Public Administration Reform

“Public administration” refers to “(1) the aggregate machinery (policies, rules, procedures, systems, organizational structures, personnel, etc.) funded by the state budget and in charge of the management and direction of the affairs of the executive government, and its interaction with other stakeholders in the state, society and external environment; and (2) the management and implementation of the whole set of government activities dealing with the implementation of laws, regulations and decisions of the government and the management related to the provision of public services” (UN Development Programme, Public Administration Reform: Practice Note, pp.1–2).

“Public administration reform” is “understood as the search for administrative (public service) structures and processes that are more responsive to the needs of citizens and otherwise deliver better public goods and services” (Per Berling et al., Rule of Law in Public Administration: Problems and Ways Ahead in Peace Building and Development [2008], p. 8).

In a postconflict context, the public administration system often poses many challenges, including “absence of access to justice; politicization of the administration; lack of accountability; discrimination by civil servants and other public officials; and low level of awareness of rights among the citizenry” (ibid., p. 11). In addition, public buildings and records may have been destroyed during conflict. Competencies and responsibilities among state agencies are unclear. Corruption is another huge challenge, as is excessive centralization of public administration. Many of these challenges are also often encountered in developing countries.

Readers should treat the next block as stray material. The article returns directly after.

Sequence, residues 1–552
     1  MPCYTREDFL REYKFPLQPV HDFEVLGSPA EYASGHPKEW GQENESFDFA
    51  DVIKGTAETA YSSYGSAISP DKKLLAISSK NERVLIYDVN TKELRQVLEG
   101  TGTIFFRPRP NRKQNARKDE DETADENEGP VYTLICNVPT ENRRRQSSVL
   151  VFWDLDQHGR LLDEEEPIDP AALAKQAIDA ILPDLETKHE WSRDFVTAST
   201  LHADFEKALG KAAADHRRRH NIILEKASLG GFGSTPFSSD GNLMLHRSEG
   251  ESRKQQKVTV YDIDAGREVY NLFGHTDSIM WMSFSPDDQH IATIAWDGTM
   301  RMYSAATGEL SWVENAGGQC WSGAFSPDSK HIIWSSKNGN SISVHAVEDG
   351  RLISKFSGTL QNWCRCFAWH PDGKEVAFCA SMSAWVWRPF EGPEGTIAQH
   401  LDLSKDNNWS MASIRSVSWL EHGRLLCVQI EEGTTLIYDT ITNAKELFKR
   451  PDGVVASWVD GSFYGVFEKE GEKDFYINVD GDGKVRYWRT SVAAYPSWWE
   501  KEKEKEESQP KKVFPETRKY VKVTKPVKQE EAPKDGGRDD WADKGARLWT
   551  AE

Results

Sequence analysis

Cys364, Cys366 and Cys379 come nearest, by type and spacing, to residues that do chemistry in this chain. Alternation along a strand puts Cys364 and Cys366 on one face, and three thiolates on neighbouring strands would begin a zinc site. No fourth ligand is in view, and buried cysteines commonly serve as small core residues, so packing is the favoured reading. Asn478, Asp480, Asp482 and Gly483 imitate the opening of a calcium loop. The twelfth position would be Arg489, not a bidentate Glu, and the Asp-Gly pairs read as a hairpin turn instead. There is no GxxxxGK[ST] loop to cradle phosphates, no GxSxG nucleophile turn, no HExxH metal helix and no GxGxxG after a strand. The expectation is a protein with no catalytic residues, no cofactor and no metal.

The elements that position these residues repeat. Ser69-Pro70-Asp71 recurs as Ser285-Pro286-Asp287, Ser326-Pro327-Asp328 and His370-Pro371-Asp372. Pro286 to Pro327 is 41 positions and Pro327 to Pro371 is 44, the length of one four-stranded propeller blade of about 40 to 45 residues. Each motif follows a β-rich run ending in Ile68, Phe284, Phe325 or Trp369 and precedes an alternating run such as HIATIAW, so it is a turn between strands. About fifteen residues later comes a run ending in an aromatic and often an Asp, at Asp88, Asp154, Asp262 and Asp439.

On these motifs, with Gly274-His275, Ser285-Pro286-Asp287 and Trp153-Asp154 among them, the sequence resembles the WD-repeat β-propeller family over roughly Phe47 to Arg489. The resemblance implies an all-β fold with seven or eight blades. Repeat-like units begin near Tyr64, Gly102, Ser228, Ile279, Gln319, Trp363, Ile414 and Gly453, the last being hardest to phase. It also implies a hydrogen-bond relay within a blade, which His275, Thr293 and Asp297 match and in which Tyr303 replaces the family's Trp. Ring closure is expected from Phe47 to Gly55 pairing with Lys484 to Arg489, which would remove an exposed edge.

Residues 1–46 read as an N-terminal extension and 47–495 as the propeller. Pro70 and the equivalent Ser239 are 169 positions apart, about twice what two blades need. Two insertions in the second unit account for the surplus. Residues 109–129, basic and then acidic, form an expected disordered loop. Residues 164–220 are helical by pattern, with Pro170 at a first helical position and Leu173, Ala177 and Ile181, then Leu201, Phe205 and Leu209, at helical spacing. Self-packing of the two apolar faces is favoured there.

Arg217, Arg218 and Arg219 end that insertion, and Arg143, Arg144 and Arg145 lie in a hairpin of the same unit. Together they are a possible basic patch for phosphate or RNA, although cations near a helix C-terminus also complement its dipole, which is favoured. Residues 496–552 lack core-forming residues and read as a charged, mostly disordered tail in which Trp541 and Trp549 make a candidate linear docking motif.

Efforts to reform public administration can “be very comprehensive and include process changes in areas such as organizational structures, decentralization, personnel management, public finance, results-based management, regulatory reforms etc. It can also refer to targeted reforms such as the revision of the civil service statute” (UN Development Programme, Public Administration Reform: Practice Note, pp. 1–2). In addition, public administration reform can include legal reform; institutional reform of administrative courts, ombudsmen, and independent agencies such as anticorruption commissions; and training for administrators (ibid., xvi–xvii).

Below are links to resources that provide an overview of public administration reform, including approaches to improving public administration in postconflict and developing countries. See also Legal Reform, Institutional Reform and Change Management, and Training , given the overlaps between these topics and public administration reform.

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